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I have a common base class from which all my ASMX webservice classes will inherit. In the constructor, I want to do some common authentication checks; if they fail, I would like to halt processing right away (subclass's code would not get executed) and return a 401-status-code response to the caller.

However, the common ASPX-like ways of doing this don't seem to work:

  1. Context.Response.End(); always kicks back a ThreadAborted exception to the caller, within a 500-status-code response. Even if I explicitly set Context.Response.StatusCode = 401 before calling End(), it is ignored. The result is still a 500-response, and the message is always "thread-aborted-exception".
  2. MSDN suggests I use HttpContext.Current.ApplicationInstance.CompleteRequest() instead. However, this does not stop downstream processing: my subclass's functions are still executed as if the constructor had done nothing. (Kind of defeats the purpose of checking authorization in the constructor.)
  3. I can throw a new HttpException. This is a little better in that it does prevent downstream processing, and at least it gives me control over the exception Message returned to the caller. However, it isn't perfect in that the response is still always a 500.
  4. I can define a DoProcessing instance var, and set it to true/false within the constructor. Then have every single WebMethod in every single subclass wrap its functionality within an if (DoProcessing) block... but let's face it, that's hideous!

Is there a better / more thorough way to implement this sort of functionality, so it is common to all my ASMX classes?

edit: Accepting John's answer, as it is probably the best approach. However, due to client reluctance to adopt additional 3rd-party code, and some degree of FUD with AOP, we didn't take that approach. We ended up going with option #3 above, as it seemed to strike the best balance between speed-of-implementation and flexibility, and still fulfill the requirements.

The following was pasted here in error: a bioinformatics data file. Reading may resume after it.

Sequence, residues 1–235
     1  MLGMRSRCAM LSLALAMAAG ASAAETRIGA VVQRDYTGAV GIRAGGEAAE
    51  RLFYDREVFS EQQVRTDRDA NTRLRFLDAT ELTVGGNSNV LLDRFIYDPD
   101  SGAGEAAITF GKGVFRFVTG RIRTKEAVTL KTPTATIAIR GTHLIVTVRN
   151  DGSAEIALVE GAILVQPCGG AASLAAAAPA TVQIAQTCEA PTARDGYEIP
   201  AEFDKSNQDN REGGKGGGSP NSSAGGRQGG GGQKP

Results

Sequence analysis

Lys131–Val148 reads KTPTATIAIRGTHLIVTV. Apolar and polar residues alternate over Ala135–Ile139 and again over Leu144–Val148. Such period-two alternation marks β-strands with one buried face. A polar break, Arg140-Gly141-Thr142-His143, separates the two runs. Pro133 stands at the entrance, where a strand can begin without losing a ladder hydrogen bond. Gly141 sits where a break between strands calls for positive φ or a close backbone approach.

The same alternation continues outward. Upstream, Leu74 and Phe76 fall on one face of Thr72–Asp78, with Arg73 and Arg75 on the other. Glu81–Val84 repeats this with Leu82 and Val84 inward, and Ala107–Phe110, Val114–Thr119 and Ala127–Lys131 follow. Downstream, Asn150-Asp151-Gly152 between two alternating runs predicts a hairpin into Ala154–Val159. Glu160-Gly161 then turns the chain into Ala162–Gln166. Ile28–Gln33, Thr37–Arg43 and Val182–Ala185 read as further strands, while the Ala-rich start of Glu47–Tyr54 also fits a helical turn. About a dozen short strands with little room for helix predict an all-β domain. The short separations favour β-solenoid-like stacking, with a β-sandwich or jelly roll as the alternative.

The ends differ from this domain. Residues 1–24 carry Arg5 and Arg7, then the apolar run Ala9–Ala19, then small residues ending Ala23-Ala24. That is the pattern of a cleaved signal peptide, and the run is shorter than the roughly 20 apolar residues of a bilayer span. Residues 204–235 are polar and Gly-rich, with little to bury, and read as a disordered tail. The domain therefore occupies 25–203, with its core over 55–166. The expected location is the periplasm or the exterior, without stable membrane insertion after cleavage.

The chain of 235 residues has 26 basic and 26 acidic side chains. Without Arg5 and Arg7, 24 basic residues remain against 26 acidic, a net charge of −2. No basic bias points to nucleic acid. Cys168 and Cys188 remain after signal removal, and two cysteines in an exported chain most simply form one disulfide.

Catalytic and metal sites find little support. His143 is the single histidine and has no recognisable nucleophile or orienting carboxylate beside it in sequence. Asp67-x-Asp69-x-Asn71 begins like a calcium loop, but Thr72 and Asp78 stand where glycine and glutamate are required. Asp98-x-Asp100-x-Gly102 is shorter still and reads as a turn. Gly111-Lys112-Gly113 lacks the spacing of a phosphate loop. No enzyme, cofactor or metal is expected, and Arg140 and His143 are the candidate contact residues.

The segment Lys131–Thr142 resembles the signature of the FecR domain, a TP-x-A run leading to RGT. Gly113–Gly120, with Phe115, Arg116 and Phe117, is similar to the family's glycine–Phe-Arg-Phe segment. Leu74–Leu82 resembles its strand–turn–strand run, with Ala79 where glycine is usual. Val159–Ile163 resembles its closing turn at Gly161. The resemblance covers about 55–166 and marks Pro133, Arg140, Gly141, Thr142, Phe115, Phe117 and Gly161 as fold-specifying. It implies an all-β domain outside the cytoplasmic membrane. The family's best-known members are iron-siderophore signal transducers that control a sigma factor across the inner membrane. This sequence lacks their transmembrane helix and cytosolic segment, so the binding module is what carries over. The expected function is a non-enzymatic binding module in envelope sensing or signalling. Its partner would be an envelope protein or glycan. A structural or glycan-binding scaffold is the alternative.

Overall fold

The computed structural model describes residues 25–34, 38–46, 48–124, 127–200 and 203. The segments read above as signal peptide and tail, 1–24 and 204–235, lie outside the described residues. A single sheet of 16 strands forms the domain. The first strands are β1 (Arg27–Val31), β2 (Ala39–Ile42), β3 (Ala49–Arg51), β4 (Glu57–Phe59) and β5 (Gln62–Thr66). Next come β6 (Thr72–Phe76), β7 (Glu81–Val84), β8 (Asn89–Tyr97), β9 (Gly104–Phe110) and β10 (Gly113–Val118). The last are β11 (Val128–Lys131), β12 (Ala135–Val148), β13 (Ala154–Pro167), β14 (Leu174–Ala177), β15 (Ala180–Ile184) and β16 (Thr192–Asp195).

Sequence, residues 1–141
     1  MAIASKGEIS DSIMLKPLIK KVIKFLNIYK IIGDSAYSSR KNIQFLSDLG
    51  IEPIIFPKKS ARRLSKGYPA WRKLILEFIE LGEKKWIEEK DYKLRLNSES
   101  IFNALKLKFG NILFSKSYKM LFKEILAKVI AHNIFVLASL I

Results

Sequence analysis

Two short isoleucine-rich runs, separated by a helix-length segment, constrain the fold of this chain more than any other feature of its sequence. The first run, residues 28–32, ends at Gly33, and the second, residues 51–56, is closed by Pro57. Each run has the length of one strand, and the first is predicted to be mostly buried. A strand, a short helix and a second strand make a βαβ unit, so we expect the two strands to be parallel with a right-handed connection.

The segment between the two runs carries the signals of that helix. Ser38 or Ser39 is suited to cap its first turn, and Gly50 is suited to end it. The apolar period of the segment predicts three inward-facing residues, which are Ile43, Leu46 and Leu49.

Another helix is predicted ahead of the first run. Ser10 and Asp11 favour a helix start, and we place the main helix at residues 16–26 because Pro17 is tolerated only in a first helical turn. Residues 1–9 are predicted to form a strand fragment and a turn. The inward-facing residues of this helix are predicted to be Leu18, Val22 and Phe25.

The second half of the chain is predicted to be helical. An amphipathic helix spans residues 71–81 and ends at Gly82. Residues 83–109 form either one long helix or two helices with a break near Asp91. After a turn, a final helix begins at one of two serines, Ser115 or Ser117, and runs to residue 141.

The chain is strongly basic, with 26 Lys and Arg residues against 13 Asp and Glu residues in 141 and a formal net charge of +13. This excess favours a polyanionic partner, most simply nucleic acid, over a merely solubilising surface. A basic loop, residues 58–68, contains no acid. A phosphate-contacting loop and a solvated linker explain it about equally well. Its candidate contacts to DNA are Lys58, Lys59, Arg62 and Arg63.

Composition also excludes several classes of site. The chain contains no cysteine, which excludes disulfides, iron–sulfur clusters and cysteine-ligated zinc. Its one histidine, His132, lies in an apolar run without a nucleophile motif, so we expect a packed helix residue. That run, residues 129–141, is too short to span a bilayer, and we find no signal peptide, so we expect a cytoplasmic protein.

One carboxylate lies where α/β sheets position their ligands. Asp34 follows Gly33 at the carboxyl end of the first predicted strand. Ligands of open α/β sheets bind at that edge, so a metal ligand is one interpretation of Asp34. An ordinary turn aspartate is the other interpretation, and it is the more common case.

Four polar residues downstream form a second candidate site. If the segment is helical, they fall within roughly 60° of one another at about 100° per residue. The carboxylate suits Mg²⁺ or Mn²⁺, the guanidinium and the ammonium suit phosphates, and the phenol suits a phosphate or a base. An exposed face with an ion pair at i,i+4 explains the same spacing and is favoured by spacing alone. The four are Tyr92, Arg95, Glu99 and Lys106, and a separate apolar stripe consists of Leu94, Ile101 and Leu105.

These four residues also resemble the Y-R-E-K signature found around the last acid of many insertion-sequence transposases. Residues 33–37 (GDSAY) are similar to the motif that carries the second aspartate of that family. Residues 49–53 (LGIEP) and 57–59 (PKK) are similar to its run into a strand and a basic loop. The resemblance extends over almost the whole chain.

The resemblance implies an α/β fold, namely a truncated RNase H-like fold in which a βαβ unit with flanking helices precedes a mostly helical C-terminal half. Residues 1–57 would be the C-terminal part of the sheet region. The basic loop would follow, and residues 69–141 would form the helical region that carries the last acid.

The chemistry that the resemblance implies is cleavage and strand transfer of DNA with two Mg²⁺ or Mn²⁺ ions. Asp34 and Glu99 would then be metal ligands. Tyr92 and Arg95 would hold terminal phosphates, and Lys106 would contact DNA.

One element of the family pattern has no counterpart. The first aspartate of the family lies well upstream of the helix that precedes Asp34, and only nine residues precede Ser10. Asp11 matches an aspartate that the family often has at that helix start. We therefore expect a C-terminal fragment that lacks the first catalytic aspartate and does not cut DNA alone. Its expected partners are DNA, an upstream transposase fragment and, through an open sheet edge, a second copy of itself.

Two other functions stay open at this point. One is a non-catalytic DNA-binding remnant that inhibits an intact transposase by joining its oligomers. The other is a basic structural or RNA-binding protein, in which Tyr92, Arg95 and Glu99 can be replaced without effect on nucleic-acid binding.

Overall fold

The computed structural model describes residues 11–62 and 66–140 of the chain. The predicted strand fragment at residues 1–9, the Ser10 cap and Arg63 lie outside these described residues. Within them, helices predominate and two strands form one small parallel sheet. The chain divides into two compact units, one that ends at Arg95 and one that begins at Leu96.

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The best way to do it would be to switch to WCF, which has explicit support for such a scenario.

If you must still use ASMX, then your best bet is to call the base class methods from each web method. You might want to use something like PostSharp to "magically" cause all of your web methods to call the base class method.

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We decided against WCF for this system because it would be hosted on a different system, and thus all calls to it would be subject to XSS restrictions. JSONP works around that issue, but comes with its own set of limitations (GET-mode only, no cookie propagation from original asp.net server, etc.). WCF access needed to be secure, so we would've needed to work-around the JSONP-cookie limitation, then built a single-sign-on mechanism between the WCF service and the asp.net service. All of which isn't insurmountable, but ASMX seemed to be the more pragmatic approach. –  mikemanne Jul 22 '10 at 20:33
    
@mike: what was the reason to host the WCF service on a different system? Why not just put it the exact same place you'd have put the ASMX service, and run it the exact same way? –  John Saunders Jul 22 '10 at 21:18

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